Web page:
And for some others, for people like myself that moment really took place probably a few years prior to Steven Spielberg telling us” not to go into the water” or “little Regan’s head began spinning around”.

It was the first time I had seen some of the classics like Frankenstein, Dracula and the Wolfman. It was my induction or “baptism” into the whole horror movie phenomenon that had captured so many fans hearts.

So as you can see, it doesn’t matter what the movie is. Whether it’s a good story with a solid premise or not, with a good solid cast or not, it just doesn’t matter to Hollywood. If they can get it made they will do so.

From all the aforementioned “trash” to the really good original stories like Paranormal Activity and” The Blair Witch Project” to many of the rehashed movies like the previously mentioned Frankenstein and the most recent Wolfman, the filmmakers in Hollywood know that if they make it we audiences will come, whether the movie is good, bad or otherwise.

Again, its because they’ve “got us”, we’re “hooked” and they know it.

It’s some type of strange hold they have over us. One similar to the psychological “grip” the individual has over the person who spots the wallet laying on the ground and to which, they have determined to lay claim, and despite it suddenly moving because of the string attached they continue to follow suit, in hopes of laying possession before someone else is able to do so.


Because of the promise of what may be inside. And once they get it, well by then, its already too late.

Be sure to read: Ten must-see horror flicks

Sunday, August 2, 2009

Top Scary Movies- 4 Horror movies not easily forgotten

Written by the "MonsterMan"

What are the top scary movies of all time? Well since this list is totally subjective, I’ll just give you what I think are the top ones and you can determine where they come down on your list.

What makes a good scary horror movie? In my opinion it’s a movie that is riveting, that is pulse pounding, that is unnerving and that gets you really moving around, or should I say squirming in your seat. A good scary horror movie is a movie that keeps you talking years, sometimes decades after you initially see it. Alien for me was that type of movie.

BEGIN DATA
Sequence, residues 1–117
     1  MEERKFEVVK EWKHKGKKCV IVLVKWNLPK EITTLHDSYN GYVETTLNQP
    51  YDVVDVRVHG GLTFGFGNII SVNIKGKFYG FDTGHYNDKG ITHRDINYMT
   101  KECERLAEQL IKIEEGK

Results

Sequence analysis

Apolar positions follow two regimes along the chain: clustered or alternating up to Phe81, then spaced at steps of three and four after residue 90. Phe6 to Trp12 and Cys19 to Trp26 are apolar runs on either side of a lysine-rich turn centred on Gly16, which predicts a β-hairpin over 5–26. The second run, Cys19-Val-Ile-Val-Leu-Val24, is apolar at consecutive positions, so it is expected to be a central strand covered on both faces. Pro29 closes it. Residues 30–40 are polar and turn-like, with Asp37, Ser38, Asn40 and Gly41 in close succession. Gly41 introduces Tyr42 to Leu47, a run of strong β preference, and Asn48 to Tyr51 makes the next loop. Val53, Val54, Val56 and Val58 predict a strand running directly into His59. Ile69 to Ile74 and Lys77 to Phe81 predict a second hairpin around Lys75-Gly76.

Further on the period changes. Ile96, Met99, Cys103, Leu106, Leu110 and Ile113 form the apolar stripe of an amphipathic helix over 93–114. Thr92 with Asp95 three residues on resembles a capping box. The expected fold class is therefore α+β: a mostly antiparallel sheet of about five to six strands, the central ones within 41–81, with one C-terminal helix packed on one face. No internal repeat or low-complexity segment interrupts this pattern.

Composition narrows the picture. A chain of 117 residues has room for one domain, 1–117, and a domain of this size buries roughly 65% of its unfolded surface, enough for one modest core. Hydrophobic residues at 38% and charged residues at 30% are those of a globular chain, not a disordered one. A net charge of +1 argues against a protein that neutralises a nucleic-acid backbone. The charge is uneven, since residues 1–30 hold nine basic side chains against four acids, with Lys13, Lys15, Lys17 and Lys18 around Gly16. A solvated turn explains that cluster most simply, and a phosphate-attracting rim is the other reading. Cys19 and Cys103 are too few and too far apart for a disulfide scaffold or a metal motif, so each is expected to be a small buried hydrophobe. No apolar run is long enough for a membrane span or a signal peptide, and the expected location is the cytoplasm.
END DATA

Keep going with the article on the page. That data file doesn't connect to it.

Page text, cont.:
Alien although probably more sci-fi then it was horror; it certainly had all the elements of an excellent horror movie. Can you possibly think of anything more frightening then being trapped not just on a ship but also against the vast emptiness of outer space and being relentlessly pursued by the monster in that movie? Makes you glad you weren’t among those on the ship, doesn’t?

The Exorcist

The Exorcist is if not the top scary movie on my list it certainly is one of the top scariest movies of all time. I think we would agree that if you polled 100 fans of the genre and asked them what are the top 3 most horrifying movies they’ve ever seen all of them would more than likely place The Exorcist in one of those first 3 positions. One of the things that made this movie good was its uniqueness. Because the story was based on true events it seemed less entertaining, in the conventional Hollywood storytelling sense. Not that it wasn’t entertaining, because it was, but when sitting in the theater and watching it after seeing its trailers and the previews that were many times aired on television after midnight with the knowledge that the movie is based on true events it tends to have more of a profound impact upon you therefore staying with you long after the credits roll.

I can still remember as a child staying up late watching television in the dark, as I would often do when the preview for this movie came on. It scared the living you know what out of me. Not only that, every time it came on subsequent to my first time seeing it, I would quickly run to the television to change the channel. The Exorcist was so dark and disturbing that even a 30-45 second trailer airing on television was hard to view.


I would seriously be remiss if I didn’t mention this next movie in our conversation of top scary movies. Halloween remains not only a cult classic but for me a personal favorite of all the many horror movies I’ve ever seen. When I think of what made this movie so good and it obviously was a number of factors but for me it was the unbelievable portrayal of Michael Myers by Nick Castle. John Carpenter seriously made you believe that if the “Boogie Man” were to ever take on flesh and come to life his name would be Michael Myers as played by Nick Castle in Halloween.

A Nightmare on Elm Street

As our discussion of the top scary movies comes to an end I want to speak briefly about another movie that continues to stand the test of time as one of the greatest horror movies ever and that being A Nightmare on Elm Street. Although this movie provided a good 90 minutes of escapism for me and others, at least from an entertainment standpoint, it was however unsettling, in that it demanded that each of us examine one of the unfortunate realities of life and that being our own eventual death. At every horrifying turn in the movie Wes Craven relentlessly reminds us, through his brilliantly developed main character Freddy Krueger (portrayed by Robert Englund) that whether asleep or awake, young or old, rich or poor we are hopelessly incapable of evading death when it eventually does comes for us. For me my only solace is knowing that when it comes knocking at my door, Freddy Krueger won’t be standing there.

Be sure to read this other article: Top Horror Movies